First amendment victory forces Big Island legal changes
The ACLU-assisted settlement in a houseless Hawaii County man's free speech case has lead to revisions of several ordinances now found to be unconstitutional.
The American Civil Liberties Union of Hawaii Foundation and the law firm of Davis Levin Livingston, today, announced a settlement of a lawsuit that challenged Hawaii County laws prohibiting individuals from holding signs asking for help. As a result of the settlement agreement, the Hawaii County Council amended seven different subsections of the Hawaii County Code (Hawaii County Code §§ 14-74, 14-75, 15-9, 15-20, 15-21, 15-35, and 15-37), including laws that had unconstitutionally restricted “solicitation” (a form of speech protected by the First Amendment).
Attorney Matthew Winter of Davis Levin Livingston, said: “The right of free speech applies with equal force to an unsheltered person asking for help as it does to a politician asking for votes. The government cannot suppress speech it does not like—the ability to freely express oneself is the heart of our democracy. Today’s settlement is a victory for all residents of and visitors to Hawaii County, because it is a victory for the most fundamental of our civil liberties.”
In late 2014, United States District Court Judge Susan Oki Mollway entered a temporary restraining order against Hawaii County prohibiting Hawaii County from interfering with Plaintiff Justin Guy’s right to hold a sign by the side of the road. In ruling that Hawaii County Code § 14-75 ran afoul of the right to free speech, Judge Mollway wrote that “it is unclear why public safety cannot be addressed with less restriction than section 14-75 imposes.”
On June 3, 2014, Mr. Guy held his sign saying “Homeless Please Help” while standing to the side of Kaiwi Street in Kailua-Kona. A Hawaii County Police Department (HCPD) officer cited Mr. Guy for violating Hawaii County Code § 14-75, which prohibited solicitation for money in a wide range of public places in the County. The criminal charges against Mr. Guy were eventually dismissed, and the lawsuit was brought to protect the constitutionally guaranteed free speech rights of people in Hawaii County. As part of the settlement of the case, Hawaii County repealed multiple code provisions that criminalized solicitation and begging, and will pay $80,000 in attorneys’ fees, costs and damages. The county also fixed several other code provisions dealing with free speech and protests, so that now:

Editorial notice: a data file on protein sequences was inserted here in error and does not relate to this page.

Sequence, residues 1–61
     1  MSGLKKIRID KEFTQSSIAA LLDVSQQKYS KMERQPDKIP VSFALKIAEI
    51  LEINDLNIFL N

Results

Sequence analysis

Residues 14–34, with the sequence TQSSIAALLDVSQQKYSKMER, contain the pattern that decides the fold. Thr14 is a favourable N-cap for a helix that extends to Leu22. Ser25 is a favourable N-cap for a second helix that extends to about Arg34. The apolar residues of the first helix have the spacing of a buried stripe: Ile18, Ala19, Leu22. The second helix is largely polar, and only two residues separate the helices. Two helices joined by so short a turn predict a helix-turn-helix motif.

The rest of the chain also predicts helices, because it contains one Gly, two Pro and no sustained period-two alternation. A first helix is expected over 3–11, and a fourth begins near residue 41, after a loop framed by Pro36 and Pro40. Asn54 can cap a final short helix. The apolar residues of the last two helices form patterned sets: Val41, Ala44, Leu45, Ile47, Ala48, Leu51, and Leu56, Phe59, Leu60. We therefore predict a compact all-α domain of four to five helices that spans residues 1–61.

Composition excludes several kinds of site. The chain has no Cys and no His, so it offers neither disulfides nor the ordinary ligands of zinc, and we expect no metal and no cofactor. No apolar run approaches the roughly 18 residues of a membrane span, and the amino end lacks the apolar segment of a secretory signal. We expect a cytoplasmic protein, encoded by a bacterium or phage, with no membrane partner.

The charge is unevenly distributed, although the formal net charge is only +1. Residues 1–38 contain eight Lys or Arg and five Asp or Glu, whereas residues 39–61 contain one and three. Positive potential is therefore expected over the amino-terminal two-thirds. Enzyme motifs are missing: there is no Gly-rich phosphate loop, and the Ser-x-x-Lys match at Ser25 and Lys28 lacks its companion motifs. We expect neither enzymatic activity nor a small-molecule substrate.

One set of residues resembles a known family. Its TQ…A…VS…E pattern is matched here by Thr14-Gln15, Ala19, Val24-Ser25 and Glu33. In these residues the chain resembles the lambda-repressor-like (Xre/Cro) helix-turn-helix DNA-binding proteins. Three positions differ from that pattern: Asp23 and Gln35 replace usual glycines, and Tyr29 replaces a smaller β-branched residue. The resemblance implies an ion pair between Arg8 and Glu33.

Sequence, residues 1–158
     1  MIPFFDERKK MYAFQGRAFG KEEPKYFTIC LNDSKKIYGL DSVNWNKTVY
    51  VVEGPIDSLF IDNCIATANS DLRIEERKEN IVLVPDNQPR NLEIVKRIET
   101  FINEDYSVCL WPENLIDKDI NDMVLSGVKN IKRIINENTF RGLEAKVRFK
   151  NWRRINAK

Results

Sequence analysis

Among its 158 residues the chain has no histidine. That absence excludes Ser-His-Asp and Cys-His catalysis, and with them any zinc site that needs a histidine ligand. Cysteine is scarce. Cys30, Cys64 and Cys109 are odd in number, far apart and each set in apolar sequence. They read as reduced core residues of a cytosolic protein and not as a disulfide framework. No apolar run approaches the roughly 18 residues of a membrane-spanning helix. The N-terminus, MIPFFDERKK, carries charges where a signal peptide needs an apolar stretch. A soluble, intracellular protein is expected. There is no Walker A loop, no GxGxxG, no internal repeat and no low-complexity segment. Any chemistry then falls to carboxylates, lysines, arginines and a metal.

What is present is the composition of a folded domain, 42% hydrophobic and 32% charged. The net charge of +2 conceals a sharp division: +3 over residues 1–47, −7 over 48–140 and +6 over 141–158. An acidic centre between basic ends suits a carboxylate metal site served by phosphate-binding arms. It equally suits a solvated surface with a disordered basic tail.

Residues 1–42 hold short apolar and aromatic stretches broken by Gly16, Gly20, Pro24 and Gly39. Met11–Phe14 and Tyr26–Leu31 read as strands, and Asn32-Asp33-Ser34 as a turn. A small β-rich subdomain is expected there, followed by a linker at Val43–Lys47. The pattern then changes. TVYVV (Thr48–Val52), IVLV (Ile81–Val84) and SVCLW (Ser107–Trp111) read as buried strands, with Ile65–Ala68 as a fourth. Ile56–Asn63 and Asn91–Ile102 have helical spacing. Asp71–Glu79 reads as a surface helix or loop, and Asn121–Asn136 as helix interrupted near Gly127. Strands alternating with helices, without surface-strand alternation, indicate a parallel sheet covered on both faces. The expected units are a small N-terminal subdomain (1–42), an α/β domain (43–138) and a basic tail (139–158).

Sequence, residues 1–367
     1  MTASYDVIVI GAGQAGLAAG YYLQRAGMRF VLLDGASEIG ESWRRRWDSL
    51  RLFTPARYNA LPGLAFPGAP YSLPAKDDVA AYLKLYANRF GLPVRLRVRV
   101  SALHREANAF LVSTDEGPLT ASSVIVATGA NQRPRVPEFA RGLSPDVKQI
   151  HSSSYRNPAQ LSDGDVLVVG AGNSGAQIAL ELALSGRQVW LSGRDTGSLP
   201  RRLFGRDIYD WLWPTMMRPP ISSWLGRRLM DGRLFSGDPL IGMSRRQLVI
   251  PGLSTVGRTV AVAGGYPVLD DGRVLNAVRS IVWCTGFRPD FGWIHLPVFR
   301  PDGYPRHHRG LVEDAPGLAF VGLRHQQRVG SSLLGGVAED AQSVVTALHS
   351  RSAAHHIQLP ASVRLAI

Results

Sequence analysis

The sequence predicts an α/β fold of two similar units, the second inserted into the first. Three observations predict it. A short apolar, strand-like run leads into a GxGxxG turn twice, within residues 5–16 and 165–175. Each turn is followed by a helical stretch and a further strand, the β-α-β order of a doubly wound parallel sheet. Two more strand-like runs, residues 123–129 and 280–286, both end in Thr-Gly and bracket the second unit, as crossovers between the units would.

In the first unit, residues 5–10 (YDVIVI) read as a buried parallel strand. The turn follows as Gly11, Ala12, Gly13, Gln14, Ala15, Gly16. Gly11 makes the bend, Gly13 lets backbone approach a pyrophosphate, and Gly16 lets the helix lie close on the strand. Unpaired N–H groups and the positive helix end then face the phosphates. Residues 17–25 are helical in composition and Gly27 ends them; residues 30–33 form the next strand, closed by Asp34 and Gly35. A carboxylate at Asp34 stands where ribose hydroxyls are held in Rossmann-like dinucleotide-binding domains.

- small groups (smaller than 75 people) no longer need a permit to hold free speech activities in county parks;
- larger groups (larger than 75 people) wishing to hold free speech activities in county parks on short notice (for example, in response to a breaking news story) may do so without having to obtain a permit 20 days in advance. Instead, the group can simply notify the county of the planned demonstration;
- “offensive” speech, by itself, is no longer a crime (unless the speech is “likely to provoke a violent response”—which is not protected by the First Amendment.).
- solicitation of support and donations is no longer a crime.
Plaintiff Justin Guy said, “The County of Hawaii should treat homeless people with dignity, and recognize that we have constitutional rights—including the right to free speech—just like everyone else.”
ACLU Legal Director Daniel Gluck said: “This lawsuit and settlement are important, because they show that the law must be applied equally to everyone. When a politician or police officer can wave a sign on the road asking for the public’s support, but a poor person faces criminal charges for the exact same conduct, that is wrong. The Constitution protects everyone equally, and the ACLU will continue to fight to ensure that everyone is treated equally under the law regardless of their economic status”